Carl, for his part, regarded the well-worn soles of those boots, and wondered how much they’d witnessed; how much they’d done. How many moonlit, blood-tinged puddles had lapped at them in alleyways where Query might save a wounded victim from a rape or murder? How many skulls might they have concussed and how many cheekbones might they have shattered in fights? How many miles had they logged pacing or wandering over countless sleepless nights and days?

Finally, Query sighed and removed his feet, sitting back upright and looking right at Carl in what the lawyer presumed was an intense and penetrating gaze.

“She’s legit,” Query said. “Certain enough to bet your life on it, anyway.”

“How kind of you,” Carl said dryly, knowing it was a joke.

“OK, I’d bet my life too,” Query said. “I’ve already hacked into her student records, medical records, e-mail accounts, parent’s e-mail accounts and all other sorts of shit, and her being more pissed than scared fits the personality profile I’ve constructed. So unless Janus recruited her for this theoretical trap for me back in middle school—which is long before I even entered onto the hero scene—I think we can mark that off the list of concerns. Zoe is confrontational and smart; if she wasn’t so much the former, her professors’ grades would more accurately reflect the latter. As it is, probably half of them downgrade her a half to a full grade because they don’t like the way she challenges their assumptions so often.”

“What about the whole power thing? She’s either not much in that respect or she’s being evasive about other ones she possesses. Doesn’t it seem a bit much for Janus to be so hot for an Acro?”

“Not odd for Janus to be hot for any attractive transhuman female from what I’ve been able to figure. He’s a man-whore, apparently, as well as being a sociopath, sadist and control freak. But what it comes down to is that Zoe doesn’t trust us. Or you, at least.”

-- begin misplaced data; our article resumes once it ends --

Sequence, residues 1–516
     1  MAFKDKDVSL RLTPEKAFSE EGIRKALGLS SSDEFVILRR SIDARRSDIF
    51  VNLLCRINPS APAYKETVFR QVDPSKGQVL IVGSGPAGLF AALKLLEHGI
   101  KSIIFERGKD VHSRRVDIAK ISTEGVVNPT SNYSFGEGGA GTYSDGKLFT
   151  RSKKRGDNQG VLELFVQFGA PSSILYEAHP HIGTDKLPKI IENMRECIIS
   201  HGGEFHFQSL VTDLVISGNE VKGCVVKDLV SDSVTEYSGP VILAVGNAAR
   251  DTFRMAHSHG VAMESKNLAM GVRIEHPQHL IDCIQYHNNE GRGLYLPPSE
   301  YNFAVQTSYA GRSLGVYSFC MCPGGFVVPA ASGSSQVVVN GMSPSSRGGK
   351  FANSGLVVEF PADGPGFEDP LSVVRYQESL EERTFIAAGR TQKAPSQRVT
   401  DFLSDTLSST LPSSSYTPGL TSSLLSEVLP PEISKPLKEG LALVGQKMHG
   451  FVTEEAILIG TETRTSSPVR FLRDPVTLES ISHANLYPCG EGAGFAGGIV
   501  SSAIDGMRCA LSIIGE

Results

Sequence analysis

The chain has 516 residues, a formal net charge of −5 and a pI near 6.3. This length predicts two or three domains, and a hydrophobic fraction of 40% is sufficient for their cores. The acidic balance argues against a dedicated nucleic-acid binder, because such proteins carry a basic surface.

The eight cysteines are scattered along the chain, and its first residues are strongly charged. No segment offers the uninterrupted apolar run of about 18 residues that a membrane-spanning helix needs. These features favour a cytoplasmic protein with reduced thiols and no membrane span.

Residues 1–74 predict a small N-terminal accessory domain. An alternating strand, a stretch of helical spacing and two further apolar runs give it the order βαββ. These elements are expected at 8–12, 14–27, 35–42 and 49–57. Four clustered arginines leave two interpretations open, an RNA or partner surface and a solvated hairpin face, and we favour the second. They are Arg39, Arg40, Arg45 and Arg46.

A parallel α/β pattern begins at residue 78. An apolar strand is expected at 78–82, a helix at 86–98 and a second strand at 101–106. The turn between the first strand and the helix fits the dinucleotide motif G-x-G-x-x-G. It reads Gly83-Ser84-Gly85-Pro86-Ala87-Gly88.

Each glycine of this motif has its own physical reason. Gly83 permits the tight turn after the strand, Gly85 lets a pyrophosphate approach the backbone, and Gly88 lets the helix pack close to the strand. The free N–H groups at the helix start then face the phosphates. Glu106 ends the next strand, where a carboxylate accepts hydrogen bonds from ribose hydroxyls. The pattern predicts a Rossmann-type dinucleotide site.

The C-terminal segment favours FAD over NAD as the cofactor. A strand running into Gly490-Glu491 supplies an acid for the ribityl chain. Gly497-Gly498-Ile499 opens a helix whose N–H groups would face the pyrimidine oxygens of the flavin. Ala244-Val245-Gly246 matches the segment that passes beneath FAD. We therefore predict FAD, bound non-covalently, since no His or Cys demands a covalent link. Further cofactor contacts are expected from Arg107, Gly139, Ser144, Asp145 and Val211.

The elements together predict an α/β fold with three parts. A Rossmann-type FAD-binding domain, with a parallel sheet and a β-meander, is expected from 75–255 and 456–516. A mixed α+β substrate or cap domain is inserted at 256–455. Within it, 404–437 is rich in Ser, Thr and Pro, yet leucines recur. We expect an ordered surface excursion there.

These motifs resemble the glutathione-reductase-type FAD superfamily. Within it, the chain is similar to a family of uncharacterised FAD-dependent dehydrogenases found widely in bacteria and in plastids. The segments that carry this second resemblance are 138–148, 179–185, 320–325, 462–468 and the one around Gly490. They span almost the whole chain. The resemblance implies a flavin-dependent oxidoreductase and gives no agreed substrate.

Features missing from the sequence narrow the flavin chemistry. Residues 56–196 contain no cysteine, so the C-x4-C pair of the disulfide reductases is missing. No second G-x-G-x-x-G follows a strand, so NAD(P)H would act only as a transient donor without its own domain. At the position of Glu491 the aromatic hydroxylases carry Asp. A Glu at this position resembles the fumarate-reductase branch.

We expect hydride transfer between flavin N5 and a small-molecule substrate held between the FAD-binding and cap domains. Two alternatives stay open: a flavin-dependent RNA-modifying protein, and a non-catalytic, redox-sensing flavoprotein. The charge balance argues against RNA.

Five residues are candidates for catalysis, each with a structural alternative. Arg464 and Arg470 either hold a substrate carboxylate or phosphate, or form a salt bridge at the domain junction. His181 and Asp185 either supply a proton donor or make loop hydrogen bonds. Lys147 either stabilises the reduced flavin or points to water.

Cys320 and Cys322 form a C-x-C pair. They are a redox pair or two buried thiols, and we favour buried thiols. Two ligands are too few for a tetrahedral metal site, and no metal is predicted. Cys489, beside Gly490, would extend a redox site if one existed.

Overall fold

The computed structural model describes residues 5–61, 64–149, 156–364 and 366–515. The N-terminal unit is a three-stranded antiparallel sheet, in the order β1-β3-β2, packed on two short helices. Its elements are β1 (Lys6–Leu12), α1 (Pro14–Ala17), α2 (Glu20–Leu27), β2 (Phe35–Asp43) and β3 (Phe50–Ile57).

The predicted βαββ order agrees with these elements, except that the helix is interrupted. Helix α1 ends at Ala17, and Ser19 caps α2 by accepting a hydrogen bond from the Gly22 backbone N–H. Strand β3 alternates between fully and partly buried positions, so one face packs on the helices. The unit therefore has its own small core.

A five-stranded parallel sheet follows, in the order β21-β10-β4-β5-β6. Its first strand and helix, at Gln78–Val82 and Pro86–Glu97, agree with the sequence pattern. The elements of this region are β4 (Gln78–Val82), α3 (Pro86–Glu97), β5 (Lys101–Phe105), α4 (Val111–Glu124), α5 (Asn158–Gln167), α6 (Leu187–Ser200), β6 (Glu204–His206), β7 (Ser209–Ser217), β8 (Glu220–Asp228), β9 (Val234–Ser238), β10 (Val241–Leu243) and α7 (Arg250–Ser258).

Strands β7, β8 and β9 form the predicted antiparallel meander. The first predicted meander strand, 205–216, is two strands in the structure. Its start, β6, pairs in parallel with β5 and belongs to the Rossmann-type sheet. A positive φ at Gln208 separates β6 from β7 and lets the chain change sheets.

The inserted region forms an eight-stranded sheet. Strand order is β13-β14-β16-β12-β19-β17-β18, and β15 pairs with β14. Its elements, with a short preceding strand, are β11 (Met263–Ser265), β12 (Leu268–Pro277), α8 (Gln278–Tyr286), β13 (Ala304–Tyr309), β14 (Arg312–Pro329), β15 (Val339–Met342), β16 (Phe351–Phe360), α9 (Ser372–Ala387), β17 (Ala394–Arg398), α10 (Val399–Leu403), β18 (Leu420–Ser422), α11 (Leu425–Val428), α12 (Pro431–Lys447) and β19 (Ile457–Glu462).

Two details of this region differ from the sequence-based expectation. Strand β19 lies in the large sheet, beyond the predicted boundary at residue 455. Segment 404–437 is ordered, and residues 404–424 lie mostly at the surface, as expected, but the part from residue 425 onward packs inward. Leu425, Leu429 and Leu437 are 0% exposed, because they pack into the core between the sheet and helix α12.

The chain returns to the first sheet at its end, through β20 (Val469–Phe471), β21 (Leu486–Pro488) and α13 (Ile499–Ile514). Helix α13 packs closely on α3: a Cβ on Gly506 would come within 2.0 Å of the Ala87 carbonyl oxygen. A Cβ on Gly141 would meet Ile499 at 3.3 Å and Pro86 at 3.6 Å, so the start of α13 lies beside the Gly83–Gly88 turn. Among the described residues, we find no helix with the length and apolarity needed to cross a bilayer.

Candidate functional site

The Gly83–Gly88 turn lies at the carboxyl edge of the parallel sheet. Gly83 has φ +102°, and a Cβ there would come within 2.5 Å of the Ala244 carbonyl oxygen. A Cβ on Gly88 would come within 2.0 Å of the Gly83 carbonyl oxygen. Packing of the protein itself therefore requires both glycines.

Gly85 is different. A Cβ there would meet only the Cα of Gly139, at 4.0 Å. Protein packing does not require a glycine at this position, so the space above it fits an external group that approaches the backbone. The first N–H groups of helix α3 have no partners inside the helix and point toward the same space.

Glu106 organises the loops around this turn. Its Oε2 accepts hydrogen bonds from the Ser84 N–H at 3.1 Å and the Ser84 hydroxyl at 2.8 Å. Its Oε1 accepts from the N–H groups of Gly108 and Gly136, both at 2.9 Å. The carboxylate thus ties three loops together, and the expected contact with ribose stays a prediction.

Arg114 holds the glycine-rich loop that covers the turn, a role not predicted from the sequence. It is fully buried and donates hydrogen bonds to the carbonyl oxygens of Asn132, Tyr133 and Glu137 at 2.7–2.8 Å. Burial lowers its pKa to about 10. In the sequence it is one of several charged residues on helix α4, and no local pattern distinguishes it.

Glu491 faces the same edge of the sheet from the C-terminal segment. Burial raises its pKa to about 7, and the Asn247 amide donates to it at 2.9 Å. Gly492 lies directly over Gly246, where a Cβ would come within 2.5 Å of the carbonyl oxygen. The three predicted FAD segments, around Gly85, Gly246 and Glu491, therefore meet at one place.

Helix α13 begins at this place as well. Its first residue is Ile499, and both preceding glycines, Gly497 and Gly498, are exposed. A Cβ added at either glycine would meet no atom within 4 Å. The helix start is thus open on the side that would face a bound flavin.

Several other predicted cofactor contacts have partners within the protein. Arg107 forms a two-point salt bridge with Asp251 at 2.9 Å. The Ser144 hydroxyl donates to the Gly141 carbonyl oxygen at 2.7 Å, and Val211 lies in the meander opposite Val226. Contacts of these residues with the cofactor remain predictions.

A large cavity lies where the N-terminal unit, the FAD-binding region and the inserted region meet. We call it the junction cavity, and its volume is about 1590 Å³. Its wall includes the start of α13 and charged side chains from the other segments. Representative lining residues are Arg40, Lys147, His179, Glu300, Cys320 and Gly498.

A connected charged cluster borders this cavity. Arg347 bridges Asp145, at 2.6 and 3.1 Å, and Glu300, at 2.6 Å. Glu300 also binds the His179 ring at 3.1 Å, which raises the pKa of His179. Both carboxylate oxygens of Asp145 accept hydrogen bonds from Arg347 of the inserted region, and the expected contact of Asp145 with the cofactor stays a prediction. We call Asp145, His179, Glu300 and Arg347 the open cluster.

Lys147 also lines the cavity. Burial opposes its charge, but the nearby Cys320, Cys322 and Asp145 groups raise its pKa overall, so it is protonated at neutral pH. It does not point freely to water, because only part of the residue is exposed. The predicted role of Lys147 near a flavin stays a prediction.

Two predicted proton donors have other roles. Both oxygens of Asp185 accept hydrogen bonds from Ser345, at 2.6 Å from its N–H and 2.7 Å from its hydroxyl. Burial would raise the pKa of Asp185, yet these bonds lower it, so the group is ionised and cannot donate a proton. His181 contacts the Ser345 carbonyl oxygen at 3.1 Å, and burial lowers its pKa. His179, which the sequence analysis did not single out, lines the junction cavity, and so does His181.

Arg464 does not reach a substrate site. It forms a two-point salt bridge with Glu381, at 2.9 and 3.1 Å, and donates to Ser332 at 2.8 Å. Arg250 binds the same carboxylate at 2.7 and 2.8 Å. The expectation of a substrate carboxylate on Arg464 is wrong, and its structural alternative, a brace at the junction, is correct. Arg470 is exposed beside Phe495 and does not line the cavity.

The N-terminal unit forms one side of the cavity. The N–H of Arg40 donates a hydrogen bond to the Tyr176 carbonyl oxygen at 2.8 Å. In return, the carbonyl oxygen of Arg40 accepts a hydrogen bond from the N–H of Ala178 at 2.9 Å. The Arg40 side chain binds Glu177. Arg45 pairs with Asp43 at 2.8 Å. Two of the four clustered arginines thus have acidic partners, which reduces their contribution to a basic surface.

“Why not? She called us for help, remember?”

“She’s smart, and now a little paranoid thanks to Underworld’s avid attentions,” Query noted. “She’s wondering if perhaps you’re actually working for Janus and trying to find out more about her or trick her somehow. Most likely, she doesn’t know how Janus knows she has any powers, but she’s deduced he still doesn’t know the full extent and she doesn’t want him to know, because then she knows he won’t let up on getting her. Janus is still unsure of what she’s capable of, but Zoe knows she’d be very valuable to him. And she doesn’t want to be.”

“I know you have great insight, deductive powers and intuition, Query, but those are big jumps.”

“Backed by your report, my research, those nifty transhuman intuitive abilities of mine, and the fact I’ve spied on your two interactions with Zoe—so I have some personal insight into her demeanor. I’ve also slipped into her classes and her dorm on a few occasions over the past several days.”

“She lives in an all-girl athletic dorm,” Carl pointed out. “Really working your disguise skills this week, aren’t you?”

“I hadn’t used them in too long. Weeks, really. Don’t want to get sloppy in my skills.”

“So, you’ve vetted her; what do we do now? Help her vanish? Nab Underworld at their next meeting? What?”

“You do nothing, Carl, except to let her know you’ve reported to me and to tell her to sit tight. The rest is up to me.”

“Do you have a plan?”

“More or less,” Query responded. “I have a few. Circumstances in the field will dictate which comes into play.”

For several moments, Carl stared into the almost featureless black mask, focusing on the red question mark—the sole bit of flair it possessed—and tried to form his own theories as that punctuation mark mocked him silently.

“You’re going to use her as bait to draw out Janus, at the same time as you’re going to try to protect her, aren’t you?”

“Probably,” Query admitted.

“Risky for both of you.”